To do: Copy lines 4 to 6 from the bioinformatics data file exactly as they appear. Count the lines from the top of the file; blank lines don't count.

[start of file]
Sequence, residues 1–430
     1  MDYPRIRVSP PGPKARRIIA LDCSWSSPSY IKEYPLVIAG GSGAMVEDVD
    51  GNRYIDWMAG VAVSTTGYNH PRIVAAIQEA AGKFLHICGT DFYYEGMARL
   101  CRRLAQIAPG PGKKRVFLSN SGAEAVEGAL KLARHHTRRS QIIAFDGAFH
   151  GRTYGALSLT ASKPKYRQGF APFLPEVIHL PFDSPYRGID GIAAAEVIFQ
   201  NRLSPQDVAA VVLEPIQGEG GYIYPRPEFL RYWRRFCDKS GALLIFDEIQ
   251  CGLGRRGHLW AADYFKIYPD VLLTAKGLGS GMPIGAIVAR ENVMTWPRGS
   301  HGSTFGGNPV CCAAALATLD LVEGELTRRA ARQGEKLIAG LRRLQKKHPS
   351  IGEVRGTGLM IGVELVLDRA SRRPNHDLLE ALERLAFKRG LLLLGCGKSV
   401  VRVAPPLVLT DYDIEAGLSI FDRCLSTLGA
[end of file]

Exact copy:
   101  CRRLAQIAPG PGKKRVFLSN SGAEAVEGAL KLARHHTRRS QIIAFDGAFH
   151  GRTYGALSLT ASKPKYRQGF APFLPEVIHL PFDSPYRGID GIAAAEVIFQ
   201  NRLSPQDVAA VVLEPIQGEG GYIYPRPEFL RYWRRFCDKS GALLIFDEIQ